Malcolm Schulstad from Gold Coast Golfer joins us once again to deliver today’s guest post on Golf GPS devices.
by Malcolm Schulstad
A few months ago I came across an article in the July edition of the Australian Golf Digest comparing dedicated Golf GPS devices to programs you can get on your mobile phone. In a nut shell, the article effectively states that a Golf GPS program on a mobile phone is “not designed to offer the precision that golf requires.” It’s a statement I disagree with.
How well a Golf GPS device works depends on both the hardware and software in your hand held device. Better hardware allows your GPS to more easily find more of the 30 satellites roaming the globe to pinpoint your location. The software allows the necessary calculations to be made to figure out where you are and compare you to pre-defined positions stored on your device. In a nut shell, the better the hardware and software on your GPS device, the more accurate it is likely to be.
In the case of both phones and dedicated Golf GPS devices, there are both high end and basic devices. If you have a high end phone with a high quality GPS receiver and good battery life, you’ll find plenty of Golf GPS programs up to the task of matching the functionality and accuracy of a dedicated Golf GPS for a fraction of the price. However, if you have a cheaper, less capable phone (for the record, I classify Apple iPhones in this category), you may find you have issues with accuracy and battery life.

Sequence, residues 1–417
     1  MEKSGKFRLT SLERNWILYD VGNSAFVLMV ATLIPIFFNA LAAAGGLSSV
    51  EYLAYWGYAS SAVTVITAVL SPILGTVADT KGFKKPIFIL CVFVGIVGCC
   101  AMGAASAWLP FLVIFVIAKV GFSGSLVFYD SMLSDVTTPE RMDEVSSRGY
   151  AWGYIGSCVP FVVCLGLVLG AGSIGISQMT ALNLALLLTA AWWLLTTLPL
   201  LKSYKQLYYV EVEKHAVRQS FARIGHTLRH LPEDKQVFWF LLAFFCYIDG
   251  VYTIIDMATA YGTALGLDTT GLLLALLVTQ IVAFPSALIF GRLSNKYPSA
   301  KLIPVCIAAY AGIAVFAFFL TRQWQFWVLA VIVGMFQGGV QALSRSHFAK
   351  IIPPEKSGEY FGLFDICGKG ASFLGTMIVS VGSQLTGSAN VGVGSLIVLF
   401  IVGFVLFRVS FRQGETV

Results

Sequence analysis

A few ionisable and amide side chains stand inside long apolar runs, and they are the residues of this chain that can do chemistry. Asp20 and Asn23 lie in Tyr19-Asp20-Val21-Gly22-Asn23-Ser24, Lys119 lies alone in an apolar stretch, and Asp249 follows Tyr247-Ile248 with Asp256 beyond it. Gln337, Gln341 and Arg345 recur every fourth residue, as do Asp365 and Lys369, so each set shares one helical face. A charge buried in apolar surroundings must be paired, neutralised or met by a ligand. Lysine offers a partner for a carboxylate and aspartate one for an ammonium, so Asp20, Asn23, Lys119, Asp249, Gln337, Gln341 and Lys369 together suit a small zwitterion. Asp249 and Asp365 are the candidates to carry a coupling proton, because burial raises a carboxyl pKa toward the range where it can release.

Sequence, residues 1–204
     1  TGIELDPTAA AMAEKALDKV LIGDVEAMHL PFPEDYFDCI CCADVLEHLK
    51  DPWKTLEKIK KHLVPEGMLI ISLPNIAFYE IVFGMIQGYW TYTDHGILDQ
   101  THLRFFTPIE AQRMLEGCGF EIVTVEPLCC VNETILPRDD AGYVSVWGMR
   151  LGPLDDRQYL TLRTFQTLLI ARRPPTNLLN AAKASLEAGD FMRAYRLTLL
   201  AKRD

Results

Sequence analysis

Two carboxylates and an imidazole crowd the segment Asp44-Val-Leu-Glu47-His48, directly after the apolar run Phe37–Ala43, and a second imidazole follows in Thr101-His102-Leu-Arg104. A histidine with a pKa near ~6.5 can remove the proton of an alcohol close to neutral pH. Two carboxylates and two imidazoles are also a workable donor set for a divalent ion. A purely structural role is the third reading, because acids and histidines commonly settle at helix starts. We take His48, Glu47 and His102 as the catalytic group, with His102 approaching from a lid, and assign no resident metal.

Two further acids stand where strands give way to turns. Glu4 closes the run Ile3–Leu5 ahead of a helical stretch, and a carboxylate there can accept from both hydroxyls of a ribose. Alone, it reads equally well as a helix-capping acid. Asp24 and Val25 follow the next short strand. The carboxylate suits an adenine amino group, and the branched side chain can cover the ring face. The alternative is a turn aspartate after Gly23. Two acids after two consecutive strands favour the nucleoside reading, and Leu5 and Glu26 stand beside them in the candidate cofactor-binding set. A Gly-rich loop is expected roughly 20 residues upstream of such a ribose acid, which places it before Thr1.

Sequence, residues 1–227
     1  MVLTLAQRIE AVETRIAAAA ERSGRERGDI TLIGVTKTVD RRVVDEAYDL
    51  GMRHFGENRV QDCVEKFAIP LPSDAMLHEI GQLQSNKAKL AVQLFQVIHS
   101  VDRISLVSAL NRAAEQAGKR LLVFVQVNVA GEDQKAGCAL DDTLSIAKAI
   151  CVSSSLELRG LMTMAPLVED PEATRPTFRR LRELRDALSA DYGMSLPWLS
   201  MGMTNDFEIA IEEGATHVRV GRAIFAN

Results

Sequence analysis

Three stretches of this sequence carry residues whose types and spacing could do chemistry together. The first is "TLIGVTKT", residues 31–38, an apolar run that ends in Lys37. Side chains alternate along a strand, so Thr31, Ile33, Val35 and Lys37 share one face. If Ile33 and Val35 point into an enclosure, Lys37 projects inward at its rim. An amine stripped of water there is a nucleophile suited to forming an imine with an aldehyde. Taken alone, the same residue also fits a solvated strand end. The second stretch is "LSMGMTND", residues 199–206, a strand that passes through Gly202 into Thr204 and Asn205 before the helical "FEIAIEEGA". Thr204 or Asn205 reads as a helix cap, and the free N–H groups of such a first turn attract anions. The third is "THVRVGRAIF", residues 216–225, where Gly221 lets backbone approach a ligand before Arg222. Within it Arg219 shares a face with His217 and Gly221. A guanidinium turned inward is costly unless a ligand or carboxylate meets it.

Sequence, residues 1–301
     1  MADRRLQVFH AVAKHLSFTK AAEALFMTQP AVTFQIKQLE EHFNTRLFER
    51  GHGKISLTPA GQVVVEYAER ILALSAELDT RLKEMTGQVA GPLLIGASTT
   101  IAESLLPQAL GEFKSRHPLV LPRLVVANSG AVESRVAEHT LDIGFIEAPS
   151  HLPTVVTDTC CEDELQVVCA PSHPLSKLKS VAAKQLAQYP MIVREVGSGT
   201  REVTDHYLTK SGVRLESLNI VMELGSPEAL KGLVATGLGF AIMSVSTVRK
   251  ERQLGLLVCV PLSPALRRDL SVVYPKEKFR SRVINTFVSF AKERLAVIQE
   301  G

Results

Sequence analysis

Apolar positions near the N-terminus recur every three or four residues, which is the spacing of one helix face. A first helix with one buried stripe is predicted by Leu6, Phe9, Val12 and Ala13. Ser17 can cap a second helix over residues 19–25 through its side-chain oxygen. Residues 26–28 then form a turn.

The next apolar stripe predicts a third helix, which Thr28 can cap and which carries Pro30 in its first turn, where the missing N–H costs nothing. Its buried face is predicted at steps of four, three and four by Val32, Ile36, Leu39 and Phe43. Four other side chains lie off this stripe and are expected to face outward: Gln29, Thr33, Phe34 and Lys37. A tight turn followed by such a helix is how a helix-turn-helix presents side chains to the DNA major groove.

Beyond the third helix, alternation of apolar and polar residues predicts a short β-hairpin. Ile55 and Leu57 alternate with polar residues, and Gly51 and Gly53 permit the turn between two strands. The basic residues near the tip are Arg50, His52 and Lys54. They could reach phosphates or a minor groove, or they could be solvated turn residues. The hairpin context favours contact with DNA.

Think of your mobile phone as an SUV, designed to cater for a variety of situations. You have your cheaper SUVs that just get the job done. Or you can opt for your European SUVs, built for practicality but often combined with high end performance on the road.
Then there are the dedicated Golf GPSs which are like the sports cars of golf. Again, there’s your cheaper sports cars, and then there are the Ferraris with all of the bells and whistles. At the end of the day, the SUV is more than adequate for the majority of people. But there will always be a market for Ferraris.
And it is the same when it comes to Golf GPS devices. You’ll find a good mobile phone with the right program is a more than adequate to tell you how far you are from a pin or hazards. But if you want the course map with the video fly overs to show you the whole layout of the course, you’ll probably want to buy the Ferrari.
As someone who’s been playing with a Golf GPS for a number of years now, there’s one final point I’d like to make. When I needed a Golf GPS to tell me how far an object was, I couldn’t hit a particular distance with any degree of consistency. Now that I’m at a point in my golf where my shots are more consistent, I’m finding I no longer need a GPS to figure out what I need to hit. Keep that in mind when you’re making your investment in a Golf GPS device.
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